Parenting Doesn’t Get Any Easier

When you bring that newborn baby home from the hospital, there are so many fears. Is she eating okay? Is she getting enough? Is she breathing right? You analyize everything, right down to the poop. Is she ready for solid foods? How do I KNOW for sure she is ready? All these thoughts on basic survival run through your head. Then people tell you it gets easier.

Oh sure there is the toddler phase, with its own challenges. However most of the time we have the idea of basic survival down. We survived the first year. Perhaps this kid does have a chance! By this time we have the whole food thing down, mostly. This is why it makes perfect sense that toddlers start to insert their independence. Mostly by requesting food/drink and then refusing it. This is when I felt it most acutely that parenting was more than just making sure they survive.

At five years, you can laugh at their confidence on conquering the world. Well, most of the time, when you are not clutching your chest in anxiety as they climb a tree. Confident that they will reach that bird nest no problem. You want them to explore and learn. You also want to wrap them in bubble wrap at the same time.

When you bring that new baby home and they scream and cry,we wish they could talk. Just please please please tell me what the heck you want! Now I have learned that talking is not necessarily a good thing. For example : “Mommy this dinner is disgusting! ” She ate it just fine last week. “I didn’t eat my cheese stick because I wanted the all orange cheese stick not the white and orange. ” This after the ten minute discussion about what cheese stick TO pack. There are definitely days that having a kid that talks is over-rated.

While the basics at nine are pretty down pat. Yes, they really do need to eat dinner every night. There is much more I feel constantly unprepared for. Somethings I felt we had time to prepare for,the sex talk. While it has been in parts here and there, it started much earlier than I expected. So far, we have only had to approach how babies come out, not in. I have been researching how to have the in talk but, I am totally okay if she is not interested until she is eighteen. Maybe. Somethings were much heavier, Why isn’t there housing for the homeless? Why does nobody do that? Now my fears are more complex. Am I hindering her by not talking about it? Am I making something worse by talking about it? Am I making sure she is growing up to not be an asshole when she is an adult? Am I teaching compassion well enough? Am I teaching gratitude enough? Are they just empty words, thank you, or does she really understand the meaning? Is this really what nine year olds are like? Is she normal? Am I balancing her physical health and mental health?Am I nourishing her spiritual health? Am I teaching her how to balance her physical health and mental health?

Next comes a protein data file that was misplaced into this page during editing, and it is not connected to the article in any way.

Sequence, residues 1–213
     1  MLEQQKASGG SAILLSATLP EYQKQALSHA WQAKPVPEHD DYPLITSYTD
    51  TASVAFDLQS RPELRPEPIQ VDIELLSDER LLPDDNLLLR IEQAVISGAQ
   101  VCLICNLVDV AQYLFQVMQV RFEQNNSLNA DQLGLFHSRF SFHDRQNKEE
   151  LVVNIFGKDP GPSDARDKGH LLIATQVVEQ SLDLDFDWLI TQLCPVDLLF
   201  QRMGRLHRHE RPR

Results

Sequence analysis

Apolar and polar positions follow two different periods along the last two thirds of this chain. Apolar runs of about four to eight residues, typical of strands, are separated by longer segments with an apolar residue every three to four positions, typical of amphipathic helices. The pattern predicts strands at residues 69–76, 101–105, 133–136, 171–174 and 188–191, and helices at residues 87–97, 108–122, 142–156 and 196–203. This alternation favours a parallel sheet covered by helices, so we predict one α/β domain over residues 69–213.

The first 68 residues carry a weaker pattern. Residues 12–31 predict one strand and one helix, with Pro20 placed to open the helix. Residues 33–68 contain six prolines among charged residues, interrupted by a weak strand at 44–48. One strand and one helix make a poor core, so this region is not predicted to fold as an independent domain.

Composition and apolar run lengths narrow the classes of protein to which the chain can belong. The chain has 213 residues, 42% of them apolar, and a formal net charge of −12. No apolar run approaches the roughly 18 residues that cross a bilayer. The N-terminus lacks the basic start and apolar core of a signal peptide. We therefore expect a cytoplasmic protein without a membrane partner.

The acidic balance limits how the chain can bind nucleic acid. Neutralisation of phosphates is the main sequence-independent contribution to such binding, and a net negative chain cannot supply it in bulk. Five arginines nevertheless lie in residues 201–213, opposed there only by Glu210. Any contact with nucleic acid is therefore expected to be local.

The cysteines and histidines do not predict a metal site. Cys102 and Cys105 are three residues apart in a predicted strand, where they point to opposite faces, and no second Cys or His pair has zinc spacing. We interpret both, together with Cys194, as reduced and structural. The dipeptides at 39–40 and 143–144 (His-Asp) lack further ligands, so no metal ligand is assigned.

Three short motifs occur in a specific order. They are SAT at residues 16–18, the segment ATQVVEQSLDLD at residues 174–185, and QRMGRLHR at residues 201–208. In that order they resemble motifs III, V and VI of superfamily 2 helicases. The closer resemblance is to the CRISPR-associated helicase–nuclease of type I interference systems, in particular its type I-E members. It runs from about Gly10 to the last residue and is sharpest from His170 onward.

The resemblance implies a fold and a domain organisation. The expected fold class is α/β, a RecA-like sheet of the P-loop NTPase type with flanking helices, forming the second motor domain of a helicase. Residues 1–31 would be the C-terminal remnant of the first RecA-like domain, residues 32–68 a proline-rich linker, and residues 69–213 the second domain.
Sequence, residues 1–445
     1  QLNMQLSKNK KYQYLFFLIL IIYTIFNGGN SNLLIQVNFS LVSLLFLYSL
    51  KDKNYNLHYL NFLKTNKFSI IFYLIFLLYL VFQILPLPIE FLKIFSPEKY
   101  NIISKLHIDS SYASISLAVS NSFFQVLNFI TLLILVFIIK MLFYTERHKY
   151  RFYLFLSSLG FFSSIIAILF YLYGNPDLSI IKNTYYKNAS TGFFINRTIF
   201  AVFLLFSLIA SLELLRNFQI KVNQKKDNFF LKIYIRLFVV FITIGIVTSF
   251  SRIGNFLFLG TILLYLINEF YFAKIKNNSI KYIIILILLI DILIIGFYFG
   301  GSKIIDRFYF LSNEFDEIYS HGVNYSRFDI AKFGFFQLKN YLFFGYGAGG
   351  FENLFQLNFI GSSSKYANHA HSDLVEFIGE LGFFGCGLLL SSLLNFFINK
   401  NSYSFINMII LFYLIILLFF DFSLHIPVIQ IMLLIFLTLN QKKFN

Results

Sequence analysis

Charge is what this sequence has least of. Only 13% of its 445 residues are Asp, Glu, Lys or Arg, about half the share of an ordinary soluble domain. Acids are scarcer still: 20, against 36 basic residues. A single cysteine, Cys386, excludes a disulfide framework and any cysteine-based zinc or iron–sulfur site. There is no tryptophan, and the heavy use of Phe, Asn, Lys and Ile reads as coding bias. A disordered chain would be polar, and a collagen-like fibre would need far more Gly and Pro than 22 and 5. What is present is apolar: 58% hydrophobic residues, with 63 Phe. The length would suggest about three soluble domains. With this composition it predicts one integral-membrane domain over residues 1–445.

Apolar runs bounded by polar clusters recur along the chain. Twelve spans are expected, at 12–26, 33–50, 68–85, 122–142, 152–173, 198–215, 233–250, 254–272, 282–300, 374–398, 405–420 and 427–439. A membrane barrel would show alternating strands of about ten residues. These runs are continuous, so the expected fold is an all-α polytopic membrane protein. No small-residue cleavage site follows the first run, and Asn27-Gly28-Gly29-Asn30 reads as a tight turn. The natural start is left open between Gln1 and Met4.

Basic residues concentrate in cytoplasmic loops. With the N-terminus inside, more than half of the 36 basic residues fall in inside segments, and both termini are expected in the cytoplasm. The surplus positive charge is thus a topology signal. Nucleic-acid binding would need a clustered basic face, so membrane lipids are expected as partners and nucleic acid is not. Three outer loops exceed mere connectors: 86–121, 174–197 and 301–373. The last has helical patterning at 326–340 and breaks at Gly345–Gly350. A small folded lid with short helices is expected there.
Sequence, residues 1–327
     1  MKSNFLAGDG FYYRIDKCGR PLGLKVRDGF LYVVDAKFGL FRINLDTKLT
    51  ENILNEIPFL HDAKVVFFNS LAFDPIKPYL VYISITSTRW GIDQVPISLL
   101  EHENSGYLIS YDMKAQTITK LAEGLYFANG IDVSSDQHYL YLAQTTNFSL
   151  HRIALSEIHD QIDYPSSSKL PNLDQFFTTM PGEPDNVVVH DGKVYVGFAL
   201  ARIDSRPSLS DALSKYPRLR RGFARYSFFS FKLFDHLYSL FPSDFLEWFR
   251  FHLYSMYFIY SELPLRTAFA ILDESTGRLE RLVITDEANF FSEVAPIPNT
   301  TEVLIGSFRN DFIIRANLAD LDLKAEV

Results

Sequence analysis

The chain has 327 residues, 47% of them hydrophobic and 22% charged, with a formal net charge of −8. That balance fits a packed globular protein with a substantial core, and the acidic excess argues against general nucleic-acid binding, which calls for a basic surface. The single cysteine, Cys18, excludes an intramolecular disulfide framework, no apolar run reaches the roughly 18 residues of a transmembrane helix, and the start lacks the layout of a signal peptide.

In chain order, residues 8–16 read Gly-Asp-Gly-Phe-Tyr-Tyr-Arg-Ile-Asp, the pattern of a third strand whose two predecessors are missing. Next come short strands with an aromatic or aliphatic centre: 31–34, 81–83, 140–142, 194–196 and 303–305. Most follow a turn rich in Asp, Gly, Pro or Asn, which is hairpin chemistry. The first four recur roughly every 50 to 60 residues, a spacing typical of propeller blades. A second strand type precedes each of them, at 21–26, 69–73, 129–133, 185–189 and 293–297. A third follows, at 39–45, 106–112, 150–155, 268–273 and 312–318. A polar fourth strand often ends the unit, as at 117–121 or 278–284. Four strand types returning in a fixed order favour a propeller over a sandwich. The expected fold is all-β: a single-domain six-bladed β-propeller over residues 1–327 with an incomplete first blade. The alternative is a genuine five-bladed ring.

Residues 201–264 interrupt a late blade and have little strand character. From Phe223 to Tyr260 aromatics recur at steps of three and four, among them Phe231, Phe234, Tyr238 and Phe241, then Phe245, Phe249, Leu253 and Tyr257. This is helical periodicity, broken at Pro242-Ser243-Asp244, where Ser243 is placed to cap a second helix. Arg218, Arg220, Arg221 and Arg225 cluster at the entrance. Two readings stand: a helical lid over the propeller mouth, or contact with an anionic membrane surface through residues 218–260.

The first couple years are labor intensive. Then you hit a certain point and it is no longer so much labor intensive as it is mentally intensive. Some days it truly is hard to out think a nine year old. Some days the constantly thinking part wears me out more than just meeting her physical needs.

I think for me a lot of the times my fears and doubts are spurred because I remember being her age. I remember how I was feeling. I see so much of myself in her. True there is deffinetely a strong contribution from my husband. I remember how deeply I felt emotions at that age. I felt even the smallest critisim as a verbal tongue lashing. I felt the elated feeling of happiness with every fiber of my soul. It is just how we are. We feel deeply. I want to protect her from all the dangers to emotional and mental health that entails. At the same time, I know I can’t.

This is the million and one things mothers think about. Some fathers as well. This parenting thing, I don’t think it gets easier, it is just different.

This post was originally featured on Erin’s blog, Chronically Sick Manic Mother. Photo via